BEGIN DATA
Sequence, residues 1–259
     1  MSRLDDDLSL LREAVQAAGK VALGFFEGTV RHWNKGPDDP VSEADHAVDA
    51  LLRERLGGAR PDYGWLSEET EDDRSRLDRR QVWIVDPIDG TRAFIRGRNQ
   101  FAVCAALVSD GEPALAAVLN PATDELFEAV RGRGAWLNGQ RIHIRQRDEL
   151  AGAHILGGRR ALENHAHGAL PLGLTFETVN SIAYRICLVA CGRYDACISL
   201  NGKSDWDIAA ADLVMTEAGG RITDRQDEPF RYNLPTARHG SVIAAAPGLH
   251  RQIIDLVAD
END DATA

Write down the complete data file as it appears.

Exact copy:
Sequence, residues 1–259
     1  MSRLDDDLSL LREAVQAAGK VALGFFEGTV RHWNKGPDDP VSEADHAVDA
    51  LLRERLGGAR PDYGWLSEET EDDRSRLDRR QVWIVDPIDG TRAFIRGRNQ
   101  FAVCAALVSD GEPALAAVLN PATDELFEAV RGRGAWLNGQ RIHIRQRDEL
   151  AGAHILGGRR ALENHAHGAL PLGLTFETVN SIAYRICLVA CGRYDACISL
   201  NGKSDWDIAA ADLVMTEAGG RITDRQDEPF RYNLPTARHG SVIAAAPGLH
   251  RQIIDLVAD